I should have learned my lesson long ago. Nothing but heartaches, no Willy Wonka golden tickets for being a Bengals fan, just a candy bar with an empty wrapper. Again, the prize was dangled in front of our noses only to be pulled away at the last moment by the class bully. Suffer, rinse, repeat-the life of a Bengals fan.
Since this is Tuesday and the now infamous playoff game was played last Saturday, there’s nothing new that I can write that you haven’t already read online or elsewhere. If I had written this column on Sunday morning when my emotions were still high, it could have been really ugly and likely would have been seriously censored. I would love to be a beat writer who had to sit down in the minutes after the game and type out a story, emotions on full, but three days later. I have calmed a bit. But not much.
First off, let me sound off on the Steelers and get that out of the way. I already wrote last week about how I despise their whole organization and Saturday night sure didn’t make it any better. Of course, their coaches and players act as if they are just the innocent child accused of stealing the extra cookie. A coach who condones the thug behavior and gives game balls to coaches who go on the field illegally to bait the other team? I always respected the work of Bill Cowher but I have no respect for Mike Tomlin, the coach who leaves the sidelines to trip runners from the other team. Remember that one?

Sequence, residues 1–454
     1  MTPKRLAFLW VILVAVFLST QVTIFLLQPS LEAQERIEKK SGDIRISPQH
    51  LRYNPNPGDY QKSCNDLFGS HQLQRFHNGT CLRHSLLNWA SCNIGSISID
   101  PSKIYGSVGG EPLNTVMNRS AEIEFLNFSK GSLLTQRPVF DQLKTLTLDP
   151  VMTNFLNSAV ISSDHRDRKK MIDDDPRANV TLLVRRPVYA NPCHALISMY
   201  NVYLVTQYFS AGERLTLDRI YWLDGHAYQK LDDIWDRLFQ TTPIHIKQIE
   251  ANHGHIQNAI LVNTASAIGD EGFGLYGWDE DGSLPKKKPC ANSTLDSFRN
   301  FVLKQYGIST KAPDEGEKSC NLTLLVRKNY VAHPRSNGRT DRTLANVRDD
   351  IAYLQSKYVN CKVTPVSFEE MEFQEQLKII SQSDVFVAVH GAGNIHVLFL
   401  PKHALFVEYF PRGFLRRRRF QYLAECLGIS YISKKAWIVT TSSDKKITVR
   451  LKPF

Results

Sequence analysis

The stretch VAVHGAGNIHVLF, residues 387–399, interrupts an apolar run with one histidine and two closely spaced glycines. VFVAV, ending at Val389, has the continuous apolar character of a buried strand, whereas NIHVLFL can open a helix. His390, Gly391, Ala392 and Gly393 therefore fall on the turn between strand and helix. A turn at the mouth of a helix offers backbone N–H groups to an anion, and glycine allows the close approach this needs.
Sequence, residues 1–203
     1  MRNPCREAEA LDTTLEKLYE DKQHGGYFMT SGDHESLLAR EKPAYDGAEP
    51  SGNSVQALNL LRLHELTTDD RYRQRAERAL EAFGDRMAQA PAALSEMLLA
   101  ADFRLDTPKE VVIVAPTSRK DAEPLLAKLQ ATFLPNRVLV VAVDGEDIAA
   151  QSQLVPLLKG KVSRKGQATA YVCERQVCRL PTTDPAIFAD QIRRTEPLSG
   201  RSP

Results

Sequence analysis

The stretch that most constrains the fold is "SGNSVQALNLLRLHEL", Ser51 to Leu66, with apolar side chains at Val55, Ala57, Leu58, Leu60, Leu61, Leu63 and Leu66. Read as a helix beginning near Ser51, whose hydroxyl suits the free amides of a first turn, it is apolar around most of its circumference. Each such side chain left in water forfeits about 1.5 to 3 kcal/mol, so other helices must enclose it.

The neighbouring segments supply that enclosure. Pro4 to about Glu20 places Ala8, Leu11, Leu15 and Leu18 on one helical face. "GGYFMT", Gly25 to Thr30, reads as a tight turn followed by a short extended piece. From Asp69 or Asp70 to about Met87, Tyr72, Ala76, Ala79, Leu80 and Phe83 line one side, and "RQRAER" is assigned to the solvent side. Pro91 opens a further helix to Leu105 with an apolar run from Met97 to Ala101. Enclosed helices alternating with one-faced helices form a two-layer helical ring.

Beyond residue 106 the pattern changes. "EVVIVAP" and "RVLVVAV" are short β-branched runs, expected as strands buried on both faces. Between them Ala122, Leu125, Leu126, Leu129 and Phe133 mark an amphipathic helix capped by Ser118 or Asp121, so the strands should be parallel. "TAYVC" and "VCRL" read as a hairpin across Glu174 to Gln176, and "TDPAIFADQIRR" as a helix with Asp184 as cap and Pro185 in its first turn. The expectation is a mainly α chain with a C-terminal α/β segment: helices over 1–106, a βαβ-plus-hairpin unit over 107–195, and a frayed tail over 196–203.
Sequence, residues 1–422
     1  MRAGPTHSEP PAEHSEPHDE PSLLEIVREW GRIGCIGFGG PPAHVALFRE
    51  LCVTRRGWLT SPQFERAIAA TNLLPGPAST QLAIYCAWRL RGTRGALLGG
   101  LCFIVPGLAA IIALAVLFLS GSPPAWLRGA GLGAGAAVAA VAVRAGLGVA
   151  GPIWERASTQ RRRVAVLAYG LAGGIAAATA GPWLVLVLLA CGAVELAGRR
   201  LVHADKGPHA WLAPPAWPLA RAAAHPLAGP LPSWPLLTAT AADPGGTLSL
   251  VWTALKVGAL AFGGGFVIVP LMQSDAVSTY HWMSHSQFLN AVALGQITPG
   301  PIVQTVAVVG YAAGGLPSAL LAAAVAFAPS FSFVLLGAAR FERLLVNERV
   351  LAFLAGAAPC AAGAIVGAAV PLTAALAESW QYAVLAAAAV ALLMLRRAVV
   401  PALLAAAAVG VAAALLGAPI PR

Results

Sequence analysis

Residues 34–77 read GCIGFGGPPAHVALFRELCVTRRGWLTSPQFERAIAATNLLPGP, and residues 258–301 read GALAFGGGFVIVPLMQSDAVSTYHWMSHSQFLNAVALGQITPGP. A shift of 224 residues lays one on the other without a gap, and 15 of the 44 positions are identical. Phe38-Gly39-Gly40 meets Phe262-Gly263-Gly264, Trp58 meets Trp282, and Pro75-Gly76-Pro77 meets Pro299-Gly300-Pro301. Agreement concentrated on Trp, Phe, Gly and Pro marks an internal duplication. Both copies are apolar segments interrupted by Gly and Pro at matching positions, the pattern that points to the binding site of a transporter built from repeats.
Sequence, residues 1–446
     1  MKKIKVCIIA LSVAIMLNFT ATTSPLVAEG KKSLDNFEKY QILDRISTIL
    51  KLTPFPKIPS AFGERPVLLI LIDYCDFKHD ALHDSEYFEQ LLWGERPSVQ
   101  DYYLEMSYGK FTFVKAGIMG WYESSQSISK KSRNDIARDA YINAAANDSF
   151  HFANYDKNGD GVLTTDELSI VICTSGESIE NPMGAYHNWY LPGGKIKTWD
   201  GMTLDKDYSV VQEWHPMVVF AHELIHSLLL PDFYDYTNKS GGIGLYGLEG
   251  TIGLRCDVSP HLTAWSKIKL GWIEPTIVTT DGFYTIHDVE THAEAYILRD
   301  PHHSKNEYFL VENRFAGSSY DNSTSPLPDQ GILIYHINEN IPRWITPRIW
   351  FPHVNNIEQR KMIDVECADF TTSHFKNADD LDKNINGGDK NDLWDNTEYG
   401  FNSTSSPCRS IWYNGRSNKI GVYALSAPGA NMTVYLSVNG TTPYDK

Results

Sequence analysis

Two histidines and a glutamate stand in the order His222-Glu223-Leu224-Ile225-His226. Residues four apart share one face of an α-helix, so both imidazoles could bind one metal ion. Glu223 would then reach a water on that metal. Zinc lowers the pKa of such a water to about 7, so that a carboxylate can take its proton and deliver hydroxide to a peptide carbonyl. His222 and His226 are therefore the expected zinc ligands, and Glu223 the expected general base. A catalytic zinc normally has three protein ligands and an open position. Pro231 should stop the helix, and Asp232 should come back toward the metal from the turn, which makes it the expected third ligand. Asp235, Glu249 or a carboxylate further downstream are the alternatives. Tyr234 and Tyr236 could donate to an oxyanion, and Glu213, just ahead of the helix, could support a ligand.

On Saturday night, the Steelers’ game plan was simple-get under the skin of the Bengals and they executed it to perfection. Throw in their usual array of cheap shots and you have the donnybrook that was supposed to be an NFL playoff game.
That being said, the Steelers didn’t beat the Bengals. The Bengals beat the Bengals and it was downright embarrassing how it all went down. I thought I had seen it all as a long-time fan but Saturday night was a new one for me. Though the Steelers relish in their image, the Bengals sank to that level on Saturday and it cost them at the most inopportune moment.
There’s not much need to rehash all the events of the final two minutes again, other than to give you my thoughts on the situation. First off, I agree the Vontaze Burfict has issues, but I am still not convinced that his hit on Antonio Brown was that malicious. He didn’t hit him helmet to helmet, like Ryan Shazier did Giovani Bernard, and in slow motion, it is really hard to tell if he hit his helmet at all. It looked to me like Brown flopped as good as some NBA player taking a charge, but I’ve never been hit by the runaway Burfict train. If Brown has a miracle recovery and plays this week in Denver, then it looks a little suspicious to me.